I’ve seen a lot of movies and have written NO reviews. So, here comes a few quick-fire reviews!
Shin Godzilla (2016)
I’m a huge Godzilla fan and have been since I was a little kid, but I’ll admit, I was not a fan of Shin Godzilla when I first watched it. I anticipated a big, action-packed Godzilla movie akin to the 2014 version, what I got was a very slow-paced movie where the heroes spend more time in palely-lit board rooms and less time actually confronting or solving the problem. Over the next few days, I thought about it, because I felt there was a much deeper meaning. And it wasn’t until I listened to a podcast that reviewed the movie did I realize the true point of Shin Godzilla. The movie was more of an homage to Godzilla movies than I thought. Just as the original Godzilla movies were about American nuclear aggression in post-World War II Japan. Shin Godzilla was an allegory to the earthquake and tsunami that struck Japan in 2011, and the horrible, slow-moving response of the bureaucracy to that tragedy. This movie is about disaster, normal people dealing with that disaster, and how the red tape of government can get in the way of real help being done. Shin Godzilla is not your typical kaiju movie, but it is nonetheless a very well done movie with an underlying important message about Japanese nationalism, and (for those of us outside of Japan) about taking your salvation into your own hands, rather than resting it in the hands of an incompetent government or another nation. (And the movie is worth it to see Godzilla use his atomic breath and just DEVASTATE the city.)
I give Shin Godzilla a grade of… C.
Thor: Ragnarok (2017)
The Thor films have never been the most highly anticipated of Marvel’s Cinematic Universe, in fact, I would say they are my least favorite (or at least, least re-watch-worthy) of the list. Then, comes the third film. Thor: Ragnarok feels nothing like a Thor movie and that might be its greatest strength. This action movie takes obvious clues from Guardians of the Galaxy and Ant-Man and eschews dark and gritty of the past Thor films in lieu of hilarity and outlandish humor. The story strips Thor of his magical hammer and places the handsome god-prince in a more vulnerable position than we’ve ever seen him. I didn’t even mind that Hel wasn’t a particularly compelling villain, because the supporting cast was so entertaining and the story so original. The musical cues are excellent (another inspiration from Guardians of the Galaxy), and from the very beginning you can tell this movie is going to be a fun experience until the very end. I’m not sure if I’ve laughed as loud and as often in a Marvel movie as I did watching Thor: Ragnarok. The movie was so refreshing and original and well-directed that it has made me want to go watch other films by Taika Waititi (and that is the sign of a great director).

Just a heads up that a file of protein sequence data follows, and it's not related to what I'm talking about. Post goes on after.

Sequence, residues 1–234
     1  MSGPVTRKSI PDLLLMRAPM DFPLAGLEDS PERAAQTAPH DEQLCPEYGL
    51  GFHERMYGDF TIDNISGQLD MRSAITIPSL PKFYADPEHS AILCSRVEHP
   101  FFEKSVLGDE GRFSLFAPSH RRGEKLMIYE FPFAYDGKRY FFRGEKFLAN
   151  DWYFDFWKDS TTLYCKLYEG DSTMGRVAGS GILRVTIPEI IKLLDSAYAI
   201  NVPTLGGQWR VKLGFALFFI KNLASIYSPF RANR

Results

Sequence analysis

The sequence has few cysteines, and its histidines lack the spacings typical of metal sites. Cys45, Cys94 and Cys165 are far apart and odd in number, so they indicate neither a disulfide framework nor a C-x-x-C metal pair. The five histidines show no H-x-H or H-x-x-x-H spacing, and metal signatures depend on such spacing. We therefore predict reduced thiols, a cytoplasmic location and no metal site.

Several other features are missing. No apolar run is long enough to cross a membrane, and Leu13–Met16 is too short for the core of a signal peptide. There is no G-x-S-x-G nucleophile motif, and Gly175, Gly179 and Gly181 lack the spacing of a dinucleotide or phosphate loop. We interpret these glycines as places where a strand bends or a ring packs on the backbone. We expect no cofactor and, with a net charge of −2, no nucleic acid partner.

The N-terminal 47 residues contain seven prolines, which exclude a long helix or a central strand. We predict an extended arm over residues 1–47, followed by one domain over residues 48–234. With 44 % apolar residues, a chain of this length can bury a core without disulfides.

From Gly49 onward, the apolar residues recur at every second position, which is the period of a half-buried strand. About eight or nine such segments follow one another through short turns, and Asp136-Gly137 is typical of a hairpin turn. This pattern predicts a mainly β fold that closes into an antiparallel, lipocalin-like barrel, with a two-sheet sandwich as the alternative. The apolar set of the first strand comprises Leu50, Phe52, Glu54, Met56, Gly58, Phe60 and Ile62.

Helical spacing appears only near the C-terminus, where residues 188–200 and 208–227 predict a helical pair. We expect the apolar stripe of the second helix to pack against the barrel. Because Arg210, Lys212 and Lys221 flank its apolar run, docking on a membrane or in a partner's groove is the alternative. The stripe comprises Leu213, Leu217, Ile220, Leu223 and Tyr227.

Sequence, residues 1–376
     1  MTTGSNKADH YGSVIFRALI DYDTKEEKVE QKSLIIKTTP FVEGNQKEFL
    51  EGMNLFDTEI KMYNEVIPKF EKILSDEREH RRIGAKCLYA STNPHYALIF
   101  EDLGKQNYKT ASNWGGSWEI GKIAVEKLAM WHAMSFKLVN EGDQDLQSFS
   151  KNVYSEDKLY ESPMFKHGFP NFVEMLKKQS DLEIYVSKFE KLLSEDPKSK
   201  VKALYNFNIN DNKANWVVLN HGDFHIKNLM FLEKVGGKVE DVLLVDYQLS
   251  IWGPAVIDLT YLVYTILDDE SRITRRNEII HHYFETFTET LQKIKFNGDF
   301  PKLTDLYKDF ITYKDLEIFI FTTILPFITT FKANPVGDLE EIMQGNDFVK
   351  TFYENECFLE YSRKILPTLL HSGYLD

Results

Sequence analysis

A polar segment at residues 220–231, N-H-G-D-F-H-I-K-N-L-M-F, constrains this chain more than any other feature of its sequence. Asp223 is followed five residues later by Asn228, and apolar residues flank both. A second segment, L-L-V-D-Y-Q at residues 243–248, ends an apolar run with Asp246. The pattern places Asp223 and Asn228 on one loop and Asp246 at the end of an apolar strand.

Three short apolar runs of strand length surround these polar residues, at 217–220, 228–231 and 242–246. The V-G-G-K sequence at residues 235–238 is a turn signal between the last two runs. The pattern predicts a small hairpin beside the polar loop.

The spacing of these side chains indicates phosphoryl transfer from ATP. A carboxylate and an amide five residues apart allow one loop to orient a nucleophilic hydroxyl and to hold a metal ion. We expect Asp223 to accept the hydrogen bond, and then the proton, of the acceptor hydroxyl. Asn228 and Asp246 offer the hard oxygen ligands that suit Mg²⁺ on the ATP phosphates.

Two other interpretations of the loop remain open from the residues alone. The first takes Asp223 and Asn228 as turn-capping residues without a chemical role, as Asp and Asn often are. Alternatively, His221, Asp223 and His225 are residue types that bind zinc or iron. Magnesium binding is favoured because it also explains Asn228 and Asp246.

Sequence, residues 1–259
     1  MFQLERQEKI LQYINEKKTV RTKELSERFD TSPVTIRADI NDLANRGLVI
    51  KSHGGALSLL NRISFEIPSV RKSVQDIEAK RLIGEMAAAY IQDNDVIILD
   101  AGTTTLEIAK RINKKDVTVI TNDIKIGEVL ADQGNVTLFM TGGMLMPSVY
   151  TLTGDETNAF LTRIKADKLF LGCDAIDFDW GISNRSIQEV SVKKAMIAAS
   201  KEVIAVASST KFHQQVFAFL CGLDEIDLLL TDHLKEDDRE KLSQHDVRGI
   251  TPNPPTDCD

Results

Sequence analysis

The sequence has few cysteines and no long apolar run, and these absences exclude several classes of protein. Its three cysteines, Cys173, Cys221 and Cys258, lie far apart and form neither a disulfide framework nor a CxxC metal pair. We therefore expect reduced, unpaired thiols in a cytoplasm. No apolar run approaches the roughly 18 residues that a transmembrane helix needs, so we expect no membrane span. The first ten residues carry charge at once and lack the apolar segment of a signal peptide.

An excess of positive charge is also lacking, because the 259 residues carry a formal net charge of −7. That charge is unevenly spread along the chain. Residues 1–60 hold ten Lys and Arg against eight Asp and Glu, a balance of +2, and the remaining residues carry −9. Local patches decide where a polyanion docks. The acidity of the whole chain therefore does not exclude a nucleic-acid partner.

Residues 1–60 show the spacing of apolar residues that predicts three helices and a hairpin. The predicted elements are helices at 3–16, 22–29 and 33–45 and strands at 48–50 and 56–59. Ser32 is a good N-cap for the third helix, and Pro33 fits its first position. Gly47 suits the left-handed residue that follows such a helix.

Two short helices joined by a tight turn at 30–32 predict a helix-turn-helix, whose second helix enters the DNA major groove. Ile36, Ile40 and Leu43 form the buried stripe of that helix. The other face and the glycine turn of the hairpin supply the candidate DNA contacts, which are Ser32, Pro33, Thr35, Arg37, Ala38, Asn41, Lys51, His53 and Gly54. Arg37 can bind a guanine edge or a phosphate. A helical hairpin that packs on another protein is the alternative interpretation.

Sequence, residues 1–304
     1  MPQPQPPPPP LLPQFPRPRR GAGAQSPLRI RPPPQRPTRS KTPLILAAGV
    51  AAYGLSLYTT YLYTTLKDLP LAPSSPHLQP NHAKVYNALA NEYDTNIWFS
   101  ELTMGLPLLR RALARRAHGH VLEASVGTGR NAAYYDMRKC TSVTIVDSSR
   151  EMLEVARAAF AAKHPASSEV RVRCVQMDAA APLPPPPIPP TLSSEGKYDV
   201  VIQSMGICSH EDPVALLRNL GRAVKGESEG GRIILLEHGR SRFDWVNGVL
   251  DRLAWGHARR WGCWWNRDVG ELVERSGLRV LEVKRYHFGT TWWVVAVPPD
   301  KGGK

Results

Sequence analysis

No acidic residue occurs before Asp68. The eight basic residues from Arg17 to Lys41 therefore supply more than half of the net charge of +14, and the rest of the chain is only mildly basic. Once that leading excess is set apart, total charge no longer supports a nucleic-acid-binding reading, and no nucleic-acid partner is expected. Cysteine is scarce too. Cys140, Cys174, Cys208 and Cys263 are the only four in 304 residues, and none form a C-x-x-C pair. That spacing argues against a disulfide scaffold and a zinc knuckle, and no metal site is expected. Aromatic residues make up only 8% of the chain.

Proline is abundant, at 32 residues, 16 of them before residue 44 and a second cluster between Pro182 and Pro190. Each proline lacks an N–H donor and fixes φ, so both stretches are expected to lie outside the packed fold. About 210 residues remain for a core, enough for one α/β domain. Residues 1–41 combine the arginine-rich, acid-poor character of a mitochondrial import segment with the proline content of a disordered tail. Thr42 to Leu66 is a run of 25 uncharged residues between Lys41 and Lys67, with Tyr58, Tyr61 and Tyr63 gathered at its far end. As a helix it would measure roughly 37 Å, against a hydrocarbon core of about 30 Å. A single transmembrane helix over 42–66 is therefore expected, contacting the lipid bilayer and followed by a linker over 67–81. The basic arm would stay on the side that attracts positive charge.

I give Thor: Ragnarok a grade of… A.
The Punisher (Netflix series) (2017)
I would wager that the list of shows that have had performances so impactful that those characters have been given their own show is small. I would go on to wager that the amount of those spin-off shows that were actually good is even smaller. Jon Bernthal’s performance on season 2 of Daredevil was stellar and I was very excited to hear that he would be given a chance to explore the character even further. I was even more excited when I started watching The Punisher and realized that it was going to be a great show. As more and more of Marvel’s Netflix shows come out, you can clearly draw a line between what is good (Daredevil, Luke Cage, Jessica Jones) and what is bad (Iron Fist, Defenders). And I am so happy to say that The Punisher falls on the good side of that line. The Punisher is a gritty, bloody story about revenge, conspiracy, and betrayal. The villain of the show (the REAL villain) made me actually scream at my computer screen when he turned heel and I loved to hate him. The performances of every character were all very strong and compelling, Jon Bernthal once again nailed the character, and the finale of the show was climatic, gripping, and fulfilling. The Punisher (just like all of the other Marvel Netflix shows) is NOT for children, but it is a great show nonetheless. And this is coming from an avid comic book fan that truly doesn’t like the Punisher character.
I give The Punisher a grade of… A.
Star Wars: The Last Jedi (2017)
Before I get into this review, I should go ahead and say that I would like to redact my grade of The Force Awakens from an A to a B, simply because it was far too derivative of past Star Wars movies.